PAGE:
Dubai: UAE’s move to regulate crypto payments in real estate transactions should see early success given the sector is already quite well-regulated, according to a top lawyer.
On Monday, UAE announced that real estate agents will have to alert the special unit overseeing anti-money laundering activities of any property deal that gets paid in crypto assets. The law applies to individuals and legal entities, as well as transactions exceeding about $15,000.
“This is being done for the purpose of having more compliance and knowing the source of wealth,” said Michael Kortbawi, Partner at the law firm BSA Middle East. “In the standard banking system, there’s information on every individual trading or buying real estate in Dubai. But when you come from the crypto world, some of the funds can be illegal.”
Kortbawi, who specializes in insurance and acquisitions, said that Dubai’s real estate sector is already tightly regulated, which makes it easier to enforce new laws. “The agents have to follow several regulations when it comes to financial transactions.”
The UAE has been attempting to formalize its crypto market by approving several crypto exchange licenses. In April, Binance Holdings received in-principal approval from Abu Dhabi Global Market to operate as a broker-dealer in virtual assets. Prior to that, FTX, one of Binance’s biggest competitors, received a virtual asset service provider (VASP) license in Dubai.
Reduce reliance on OTCs
By opening the door for real crypto exchange houses, Dubai authorities reduce investors’ reliance on over-the-counter brokers, said Kortbawi. “The market is going to get more regulated and there will be fewer people getting scammed or not being able to get their money from the crypto they sold.”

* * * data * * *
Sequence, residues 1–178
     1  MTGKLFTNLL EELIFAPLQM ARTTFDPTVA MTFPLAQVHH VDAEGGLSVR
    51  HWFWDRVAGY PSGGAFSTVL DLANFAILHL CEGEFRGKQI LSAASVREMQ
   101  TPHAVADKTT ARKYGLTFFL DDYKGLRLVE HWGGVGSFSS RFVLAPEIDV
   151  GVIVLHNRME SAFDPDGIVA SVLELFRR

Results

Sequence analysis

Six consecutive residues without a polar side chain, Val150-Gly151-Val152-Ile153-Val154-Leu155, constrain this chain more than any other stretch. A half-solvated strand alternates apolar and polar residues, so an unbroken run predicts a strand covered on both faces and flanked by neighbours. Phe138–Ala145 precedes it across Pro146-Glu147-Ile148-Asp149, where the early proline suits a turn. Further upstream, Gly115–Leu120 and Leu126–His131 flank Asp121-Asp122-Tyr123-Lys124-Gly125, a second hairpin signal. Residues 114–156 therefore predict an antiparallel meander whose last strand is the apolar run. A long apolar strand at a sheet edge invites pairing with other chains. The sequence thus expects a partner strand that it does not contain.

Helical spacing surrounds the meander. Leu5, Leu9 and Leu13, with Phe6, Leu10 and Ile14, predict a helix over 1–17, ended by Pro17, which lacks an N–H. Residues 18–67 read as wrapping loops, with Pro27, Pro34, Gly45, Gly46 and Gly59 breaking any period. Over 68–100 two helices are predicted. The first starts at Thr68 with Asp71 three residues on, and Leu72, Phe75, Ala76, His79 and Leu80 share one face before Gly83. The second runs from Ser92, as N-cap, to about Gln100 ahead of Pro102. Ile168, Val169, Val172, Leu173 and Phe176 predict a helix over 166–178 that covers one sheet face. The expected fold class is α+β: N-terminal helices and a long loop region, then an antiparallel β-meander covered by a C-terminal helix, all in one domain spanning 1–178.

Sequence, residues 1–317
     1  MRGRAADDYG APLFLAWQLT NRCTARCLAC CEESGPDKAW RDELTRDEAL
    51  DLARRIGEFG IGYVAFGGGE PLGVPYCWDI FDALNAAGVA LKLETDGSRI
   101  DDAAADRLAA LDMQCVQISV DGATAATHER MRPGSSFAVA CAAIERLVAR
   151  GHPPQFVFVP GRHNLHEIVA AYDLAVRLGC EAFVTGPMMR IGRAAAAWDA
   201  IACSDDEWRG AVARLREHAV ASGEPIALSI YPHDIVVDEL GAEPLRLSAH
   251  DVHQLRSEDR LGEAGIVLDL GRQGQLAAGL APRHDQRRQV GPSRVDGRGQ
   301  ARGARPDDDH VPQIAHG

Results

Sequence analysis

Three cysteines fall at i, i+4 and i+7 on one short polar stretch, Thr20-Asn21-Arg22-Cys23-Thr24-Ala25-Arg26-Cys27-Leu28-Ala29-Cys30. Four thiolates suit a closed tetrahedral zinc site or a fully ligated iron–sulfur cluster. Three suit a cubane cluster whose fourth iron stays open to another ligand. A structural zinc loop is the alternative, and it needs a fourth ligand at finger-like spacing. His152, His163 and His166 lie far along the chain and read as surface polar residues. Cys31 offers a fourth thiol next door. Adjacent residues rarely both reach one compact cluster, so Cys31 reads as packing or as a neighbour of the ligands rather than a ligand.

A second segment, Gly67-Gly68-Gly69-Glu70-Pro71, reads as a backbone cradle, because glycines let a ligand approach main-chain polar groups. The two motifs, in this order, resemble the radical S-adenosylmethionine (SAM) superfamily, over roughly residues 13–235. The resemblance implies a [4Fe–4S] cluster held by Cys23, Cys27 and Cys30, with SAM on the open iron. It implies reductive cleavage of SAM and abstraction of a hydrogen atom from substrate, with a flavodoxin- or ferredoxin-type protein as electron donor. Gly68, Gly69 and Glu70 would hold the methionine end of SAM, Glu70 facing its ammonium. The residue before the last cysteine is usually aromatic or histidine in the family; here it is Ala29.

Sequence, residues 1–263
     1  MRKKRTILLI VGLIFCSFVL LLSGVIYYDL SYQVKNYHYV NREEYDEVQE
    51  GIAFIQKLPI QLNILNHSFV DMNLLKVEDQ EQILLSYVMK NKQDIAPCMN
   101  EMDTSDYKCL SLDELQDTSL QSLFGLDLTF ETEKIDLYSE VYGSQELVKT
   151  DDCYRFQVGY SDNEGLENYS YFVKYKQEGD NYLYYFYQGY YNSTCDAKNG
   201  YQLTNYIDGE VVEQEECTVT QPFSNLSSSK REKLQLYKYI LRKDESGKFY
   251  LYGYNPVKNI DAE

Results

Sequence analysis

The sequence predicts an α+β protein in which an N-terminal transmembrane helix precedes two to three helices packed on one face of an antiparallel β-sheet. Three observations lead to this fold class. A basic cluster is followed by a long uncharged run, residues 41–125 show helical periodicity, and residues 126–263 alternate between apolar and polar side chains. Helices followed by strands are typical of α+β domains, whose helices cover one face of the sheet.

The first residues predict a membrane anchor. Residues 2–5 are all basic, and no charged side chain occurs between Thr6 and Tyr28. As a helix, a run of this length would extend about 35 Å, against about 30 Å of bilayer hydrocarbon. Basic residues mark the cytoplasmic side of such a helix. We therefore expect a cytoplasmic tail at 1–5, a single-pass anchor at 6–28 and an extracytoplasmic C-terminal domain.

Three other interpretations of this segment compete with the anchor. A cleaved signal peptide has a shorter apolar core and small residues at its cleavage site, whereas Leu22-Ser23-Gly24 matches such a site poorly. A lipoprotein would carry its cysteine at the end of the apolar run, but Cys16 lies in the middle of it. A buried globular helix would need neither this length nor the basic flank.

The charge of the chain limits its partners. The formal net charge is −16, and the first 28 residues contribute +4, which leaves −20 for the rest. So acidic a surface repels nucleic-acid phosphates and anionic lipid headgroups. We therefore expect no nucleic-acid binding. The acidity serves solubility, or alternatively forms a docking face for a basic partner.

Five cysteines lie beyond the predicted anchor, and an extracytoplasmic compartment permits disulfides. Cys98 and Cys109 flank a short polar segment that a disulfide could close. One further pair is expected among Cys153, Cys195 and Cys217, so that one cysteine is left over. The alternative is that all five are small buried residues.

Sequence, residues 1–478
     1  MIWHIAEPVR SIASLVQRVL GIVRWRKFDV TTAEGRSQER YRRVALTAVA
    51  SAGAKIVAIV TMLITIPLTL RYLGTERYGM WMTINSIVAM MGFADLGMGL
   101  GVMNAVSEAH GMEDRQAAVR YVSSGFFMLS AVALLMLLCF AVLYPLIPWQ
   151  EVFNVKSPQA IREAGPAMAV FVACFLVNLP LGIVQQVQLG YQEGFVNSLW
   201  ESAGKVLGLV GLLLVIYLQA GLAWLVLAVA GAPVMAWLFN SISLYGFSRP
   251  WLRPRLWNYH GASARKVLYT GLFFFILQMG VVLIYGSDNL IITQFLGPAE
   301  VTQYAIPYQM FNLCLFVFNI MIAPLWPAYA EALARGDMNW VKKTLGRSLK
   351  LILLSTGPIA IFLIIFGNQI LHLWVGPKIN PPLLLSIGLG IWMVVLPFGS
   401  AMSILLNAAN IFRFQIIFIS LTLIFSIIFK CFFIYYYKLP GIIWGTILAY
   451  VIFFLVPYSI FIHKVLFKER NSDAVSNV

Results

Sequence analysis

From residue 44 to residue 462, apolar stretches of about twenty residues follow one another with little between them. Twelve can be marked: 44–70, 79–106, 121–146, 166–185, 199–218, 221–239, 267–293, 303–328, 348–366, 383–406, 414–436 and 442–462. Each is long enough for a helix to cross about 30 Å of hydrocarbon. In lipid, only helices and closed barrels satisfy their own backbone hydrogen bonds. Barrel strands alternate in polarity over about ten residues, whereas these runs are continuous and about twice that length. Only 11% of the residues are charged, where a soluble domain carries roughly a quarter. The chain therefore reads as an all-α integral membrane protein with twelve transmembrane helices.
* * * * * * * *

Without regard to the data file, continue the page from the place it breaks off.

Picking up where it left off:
The rise of cryptocurrencies has linked them to several other issues, such as market manipulation, scams, and risks related to money laundering, trafficking of illegal goods, hacking, identity theft, fraud, and unregulated business activities. This has put them under increased scrutiny from financial regulators and other institutions.
Consultancies have time and again highlighted the importance of having industry participants on board, while formulating policies that govern them. UAE authorities seem to be doing exactly that.
“A regulator always consults with everyone - we’ve consulted with regulators from different locations and these discussions have been about crypto and new technologies,” said Kortbawi.
Cryptocurrencies experienced a crash in June due to rampant inflation, which is forcing global central banks to hike their interest rates. Bitcoin, which reached around $64,000 last year in November, is currently trading at around $24,000.
Kortbawi said while the crash has reduced the asset’s ‘public appeal,’ serious investors will continue to trade. “The real hardcore investors at the heart of the movement will continue to do it, but the public appeal is less now because have realized that they can no longer double or triple their money..
“Maybe the tide will turn soon, but it’s hard to say anything given the overall economic situation.”